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TRAVEL Q&A

Hiking, With a Little Bit of Luxe

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By Scott Vogel
Washington Post Staff Writer
Sunday, April 20, 2008

Q. We would like to hike across Luxembourg this July. Is this something we can just wing?

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Brent Shawcross, Williamsburg

A. Hiking across Luxembourg? How long is this guy's vacation -- 15 minutes? And lame jokes like that aren't the only consequence of the public's habitual confusion of Liechtenstein and Luxembourg. The latter, sandwiched between Germany and France, is a certifiable hiker's paradise bisected from north to south by the GR-5, a sort of Appalachian Trail for Europhiles. Think of it as the larger of the two small L-countries, the world's last remaining grand duchy and a forgotten paradise, at least for Americans.

"As to Luxembourg, I know very little about it personally," David May told us. This was interesting, because May otherwise knew a great deal about the GR-5. His Web site ( http://www.grfive.com) contains lots of firsthand knowledge about the trail, which runs 1,500 miles from a Dutch town on the North Sea to France's Nice on the Mediterranean; 150 of those miles run through Luxembourg, through valleys and forests and towns along the Moselle River, a land that Brigitte Goergen knows quite a bit about personally.

"I am currently in Luxembourg and will not be able to contact you by phone," said the director of the Luxembourg National Tourist Office ( http://www.visitluxembourg.com, 212-935-8888) in an e-mail.

We were beginning to suspect the existence of a Luxembourg Uncertainty Principle. Then Goergen threw us a bone. "A great way to hike through Luxembourg is to hike from youth hostel to youth hostel," she wrote, and indeed the country's Youth Hostel Association ( http://www.youthhostels.lu, 011-352-26-27-66-40) has hiking-oriented packages that can be customized for your route. (Three-night stays start at about $174 per person.)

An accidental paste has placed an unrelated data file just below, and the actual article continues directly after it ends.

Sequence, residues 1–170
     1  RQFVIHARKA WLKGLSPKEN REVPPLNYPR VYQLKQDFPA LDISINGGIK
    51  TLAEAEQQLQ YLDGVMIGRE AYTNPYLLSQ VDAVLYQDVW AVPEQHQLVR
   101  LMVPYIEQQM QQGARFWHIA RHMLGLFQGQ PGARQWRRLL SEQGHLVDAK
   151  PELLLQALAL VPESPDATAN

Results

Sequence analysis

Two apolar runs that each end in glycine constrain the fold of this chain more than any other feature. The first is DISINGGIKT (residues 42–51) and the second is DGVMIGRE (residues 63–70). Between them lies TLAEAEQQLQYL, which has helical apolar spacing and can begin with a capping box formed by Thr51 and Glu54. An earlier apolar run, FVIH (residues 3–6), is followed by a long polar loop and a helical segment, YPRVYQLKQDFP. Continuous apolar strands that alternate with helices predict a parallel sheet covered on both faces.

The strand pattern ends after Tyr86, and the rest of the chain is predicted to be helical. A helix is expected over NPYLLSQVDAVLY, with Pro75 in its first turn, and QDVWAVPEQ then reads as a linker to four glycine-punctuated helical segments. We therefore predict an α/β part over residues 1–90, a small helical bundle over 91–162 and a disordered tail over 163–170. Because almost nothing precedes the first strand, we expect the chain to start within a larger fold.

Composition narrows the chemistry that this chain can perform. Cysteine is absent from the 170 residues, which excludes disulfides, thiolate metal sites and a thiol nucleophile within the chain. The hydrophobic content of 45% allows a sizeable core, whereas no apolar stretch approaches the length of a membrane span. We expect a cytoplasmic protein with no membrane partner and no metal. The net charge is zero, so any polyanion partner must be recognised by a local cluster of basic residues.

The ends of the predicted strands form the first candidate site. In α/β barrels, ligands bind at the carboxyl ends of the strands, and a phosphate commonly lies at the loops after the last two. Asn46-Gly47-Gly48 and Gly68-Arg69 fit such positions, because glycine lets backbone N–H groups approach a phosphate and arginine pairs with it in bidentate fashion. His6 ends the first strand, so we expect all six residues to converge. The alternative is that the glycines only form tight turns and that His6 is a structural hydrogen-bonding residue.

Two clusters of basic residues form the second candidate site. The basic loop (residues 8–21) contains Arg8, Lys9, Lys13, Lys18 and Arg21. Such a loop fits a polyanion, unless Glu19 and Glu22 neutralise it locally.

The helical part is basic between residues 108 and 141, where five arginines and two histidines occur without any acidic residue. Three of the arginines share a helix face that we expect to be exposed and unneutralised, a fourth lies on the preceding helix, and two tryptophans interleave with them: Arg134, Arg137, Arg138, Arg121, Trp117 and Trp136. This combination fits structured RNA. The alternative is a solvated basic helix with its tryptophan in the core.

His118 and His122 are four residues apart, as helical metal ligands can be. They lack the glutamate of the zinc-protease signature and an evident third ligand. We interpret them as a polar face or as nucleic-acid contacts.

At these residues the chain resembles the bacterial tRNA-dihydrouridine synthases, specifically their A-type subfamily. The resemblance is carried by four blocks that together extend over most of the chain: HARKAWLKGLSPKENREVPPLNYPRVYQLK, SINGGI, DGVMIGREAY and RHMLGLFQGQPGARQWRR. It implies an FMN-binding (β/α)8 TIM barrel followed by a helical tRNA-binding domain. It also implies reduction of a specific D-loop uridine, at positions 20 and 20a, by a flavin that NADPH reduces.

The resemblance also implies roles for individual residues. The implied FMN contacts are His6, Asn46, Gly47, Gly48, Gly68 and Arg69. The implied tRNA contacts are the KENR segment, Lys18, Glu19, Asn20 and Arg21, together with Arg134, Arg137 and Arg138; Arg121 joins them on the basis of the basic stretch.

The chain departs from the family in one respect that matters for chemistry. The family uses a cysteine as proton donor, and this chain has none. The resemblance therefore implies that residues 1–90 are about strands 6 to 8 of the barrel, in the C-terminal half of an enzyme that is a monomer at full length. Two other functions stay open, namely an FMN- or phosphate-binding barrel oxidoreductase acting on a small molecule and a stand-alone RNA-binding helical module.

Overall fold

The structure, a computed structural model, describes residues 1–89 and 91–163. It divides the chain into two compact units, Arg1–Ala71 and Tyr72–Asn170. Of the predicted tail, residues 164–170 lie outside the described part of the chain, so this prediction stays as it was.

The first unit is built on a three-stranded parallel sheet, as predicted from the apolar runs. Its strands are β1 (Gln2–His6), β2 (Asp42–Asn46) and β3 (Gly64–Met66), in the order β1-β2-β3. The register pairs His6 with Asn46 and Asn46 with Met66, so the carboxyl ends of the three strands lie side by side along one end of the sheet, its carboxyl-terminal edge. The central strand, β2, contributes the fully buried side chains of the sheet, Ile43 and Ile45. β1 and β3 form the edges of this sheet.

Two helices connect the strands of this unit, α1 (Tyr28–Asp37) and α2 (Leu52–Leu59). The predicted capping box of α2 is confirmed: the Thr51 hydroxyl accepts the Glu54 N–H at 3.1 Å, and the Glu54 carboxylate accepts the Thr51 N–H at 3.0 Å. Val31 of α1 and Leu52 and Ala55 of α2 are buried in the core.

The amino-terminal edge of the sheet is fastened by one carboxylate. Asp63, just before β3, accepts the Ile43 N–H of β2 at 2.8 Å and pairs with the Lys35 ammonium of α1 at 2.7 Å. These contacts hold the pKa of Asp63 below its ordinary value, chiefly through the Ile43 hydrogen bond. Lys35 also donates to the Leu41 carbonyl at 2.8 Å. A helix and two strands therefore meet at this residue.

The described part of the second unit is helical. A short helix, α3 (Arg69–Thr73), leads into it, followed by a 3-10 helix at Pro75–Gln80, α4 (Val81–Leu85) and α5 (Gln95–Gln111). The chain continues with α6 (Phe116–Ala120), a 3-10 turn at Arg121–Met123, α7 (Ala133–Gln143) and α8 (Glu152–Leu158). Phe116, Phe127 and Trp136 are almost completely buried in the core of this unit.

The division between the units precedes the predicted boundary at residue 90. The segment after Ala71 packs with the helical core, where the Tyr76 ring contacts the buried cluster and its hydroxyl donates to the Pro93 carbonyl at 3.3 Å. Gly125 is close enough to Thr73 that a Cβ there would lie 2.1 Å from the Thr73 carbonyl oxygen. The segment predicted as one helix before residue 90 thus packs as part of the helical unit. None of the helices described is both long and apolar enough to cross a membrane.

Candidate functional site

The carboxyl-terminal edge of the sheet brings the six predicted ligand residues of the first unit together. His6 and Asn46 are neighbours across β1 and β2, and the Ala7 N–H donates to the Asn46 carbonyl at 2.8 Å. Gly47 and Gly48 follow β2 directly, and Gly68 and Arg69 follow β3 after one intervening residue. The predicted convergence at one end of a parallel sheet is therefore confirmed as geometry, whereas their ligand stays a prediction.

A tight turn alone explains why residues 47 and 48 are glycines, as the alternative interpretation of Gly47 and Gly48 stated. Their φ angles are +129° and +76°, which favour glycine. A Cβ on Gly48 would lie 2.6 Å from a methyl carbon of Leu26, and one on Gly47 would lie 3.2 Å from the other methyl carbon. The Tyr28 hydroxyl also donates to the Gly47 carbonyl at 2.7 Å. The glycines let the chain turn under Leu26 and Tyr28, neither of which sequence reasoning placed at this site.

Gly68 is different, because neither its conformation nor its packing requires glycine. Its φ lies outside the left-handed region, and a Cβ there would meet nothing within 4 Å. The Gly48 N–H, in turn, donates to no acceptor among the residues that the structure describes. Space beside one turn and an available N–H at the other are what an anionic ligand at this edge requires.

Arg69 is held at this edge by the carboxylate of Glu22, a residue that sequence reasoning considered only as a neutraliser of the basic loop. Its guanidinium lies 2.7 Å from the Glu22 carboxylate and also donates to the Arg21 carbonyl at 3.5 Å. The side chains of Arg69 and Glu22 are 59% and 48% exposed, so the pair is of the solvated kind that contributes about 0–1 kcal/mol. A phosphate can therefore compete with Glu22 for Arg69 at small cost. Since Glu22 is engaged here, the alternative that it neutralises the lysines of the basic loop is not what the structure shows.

"Personally, I do not wish to arrive in a location with limited lodging and take my chances, but I know others, perhaps more adventurous, who would cherish the risk of unknown lodging," May said. For its part, the YHA strongly recommends advance reservations, especially in summer.

Unless, that is, you also cherish the risk of no lodging at all, in that alien, mysterious land that is Liechten-- er, Luxembourg.

My son and I are planning a road trip from Maryland to the Badlands of South Dakota, across Wyoming, through Yellowstone and back through Colorado and Missouri. We will be in a Suburban. How wise it is for us to take our fairly large dog (husky mix) with us?

Judy Hatton, Bowie

Sorry to be a pooch party pooper, but it's not wise at all, at least according to a majority of readers who weighed in on our Travel Log blog ( http://blog.washingtonpost.com/travellog). Some had attempted such a journey themselves ("Our dog . . . was miserable." "That's an awfully long time for an active breed to be cooped up in a car!"). Others chided owners who lie about Fido's presence to avoid paying a premium for pet-friendly rooms ("For those with pet dander allergies . . . checking into your room will ruin their trip pretty effectively") or told of over-affectionate dogs they'd met on vacation.

Still, for the intrepid, the trip can be done. There was advice on keeping your canine quiet in hotel rooms ("If you go out, turn on the TV . . . and the dogs will be less likely to bark. ESPN works well for my dogs") and tips on preventing upset stomachs ("Switch them to a bottled water about a week before you leave"). You can find lots more useful information on our blog, as well as on such Web sites as Pets Welcome ( http://www.petswelcome.com) and Pets on the Go ( http://www.petsonthego.com), the latter of which charges a $15 yearly fee.

Send queries to travelqa@washpost.com. Please include your name and town.


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